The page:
GET EMAIL UPDATES FROM POWERTOFLY
By signing up you accept the Terms of Service and Privacy Policy
BROWSE CATEGORIES
GET EMAIL UPDATES FROM POWERTOFLY
Career Advice

From Chemist to Coder:

Transitioning from Academia to Startups, Learning to Manage Others, and Exploring AI with Primer's Anna Venancio-Marques

Anna Venancio-Marques set out to get her PhD in chemistry because she was curious.

She was curious about how the world worked, about how she could have an impact. She was especially curious about molecular biology and microfluidics—the topic of her dissertation.

Several years of study later, her curiosity had waned in the face of the "publish or perish" pressure that academics of many disciplines face. Anna realized that advancing research on one specific problem probably wouldn't lead to the impact she wanted her career to have.

Now, as the Staff Engineering Manager at machine intelligence startup Primer, Anna has been able to make an impact on future applications of natural language processing, initially as an individual contributor and now as a team lead. "I feel that I have a lot of power when I do data science," she reflects. "Through science, I can have an impact."

And it's not so far off from her academic days. "Chemistry is really close to data science," she notes. "In my current role, I have experiments I need to run. I make hypotheses that I need to validate—and that's very much the approach a chemist would take. The transition has meant being open to more data and different questions outside the realm of chemistry. But the exploration is the same."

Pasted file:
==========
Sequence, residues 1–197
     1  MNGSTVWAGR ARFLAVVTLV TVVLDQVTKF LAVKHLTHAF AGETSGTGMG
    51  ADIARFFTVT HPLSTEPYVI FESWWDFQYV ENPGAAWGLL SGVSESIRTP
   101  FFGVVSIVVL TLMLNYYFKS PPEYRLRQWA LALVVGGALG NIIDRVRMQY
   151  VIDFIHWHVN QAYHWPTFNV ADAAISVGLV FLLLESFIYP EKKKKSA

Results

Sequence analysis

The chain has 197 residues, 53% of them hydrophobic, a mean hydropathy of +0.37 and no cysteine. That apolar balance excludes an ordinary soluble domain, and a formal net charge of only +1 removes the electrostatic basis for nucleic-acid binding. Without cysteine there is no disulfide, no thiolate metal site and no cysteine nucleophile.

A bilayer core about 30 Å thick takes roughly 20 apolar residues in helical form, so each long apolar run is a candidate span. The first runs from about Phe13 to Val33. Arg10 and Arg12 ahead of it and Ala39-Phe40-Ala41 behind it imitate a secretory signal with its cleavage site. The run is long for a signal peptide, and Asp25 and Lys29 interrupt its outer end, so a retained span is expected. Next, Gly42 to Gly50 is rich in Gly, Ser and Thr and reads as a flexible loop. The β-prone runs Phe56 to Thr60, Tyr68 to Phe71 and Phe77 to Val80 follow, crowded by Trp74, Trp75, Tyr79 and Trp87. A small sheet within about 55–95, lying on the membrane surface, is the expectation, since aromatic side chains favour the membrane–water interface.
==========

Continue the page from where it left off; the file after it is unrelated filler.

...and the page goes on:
Big corporations vs. smaller startups: following the opportunity

Anna enrolled in an MBA program after finishing her PhD to help her transition from academia to the corporate world. When she finished that degree and was entertaining job offers, she was deciding between working for a big company or a more niche data science startup.

She went with the latter. "I was looking for that 'anything is possible' kind of experience in a startup," explains Anna. "I wanted to get wide exposure, including in writing production-level code that you ship out to customers."

She moved to San Francisco from Paris—she's originally from Lyon, France, but says her home country's startup ecosystem is still "developing" and she was drawn to the vibrancy of the Bay Area—and began her career as a data scientist.

Her first role at Primer was the deeply technical, fast-paced, opportunity-packed experience she was looking for. As the company grew, so did Anna's responsibilities. "There were always opportunities to raise your hand and say, 'Well, I'm interested in this, I'm willing to try it,'" she says. She was working on natural language processing projects, and as the company won more and more contracts, she took on more and more projects. "It was a much, much faster pace than I would've gotten in any other setting," she says.

Anna loved the problems she was solving. "It's really exciting to look at data and ask questions of the data to go after the answers. It's really fun to think you're just about to crack something and just about to get an answer," she remembers. But as her responsibilities grew, her time spent getting her hands dirty writing code shrunk. She started working with one other engineer, then took on a team of six, which grew to a team of ten.

She had become a manager—which was something she didn't quite know how to be.

"What got you here won't get you there": advice for new managers

Anna knows now that the skills she developed as an individual contributor weren't the ones she needed as a team lead. But she had to figure out what those new needed skills were—and how to acquire them. "I thought I had proved myself. I was very proud of my skills as an IC," she says. "But I needed to expand on them and be humble enough to realize that there was a whole new set of skills I needed to be developing."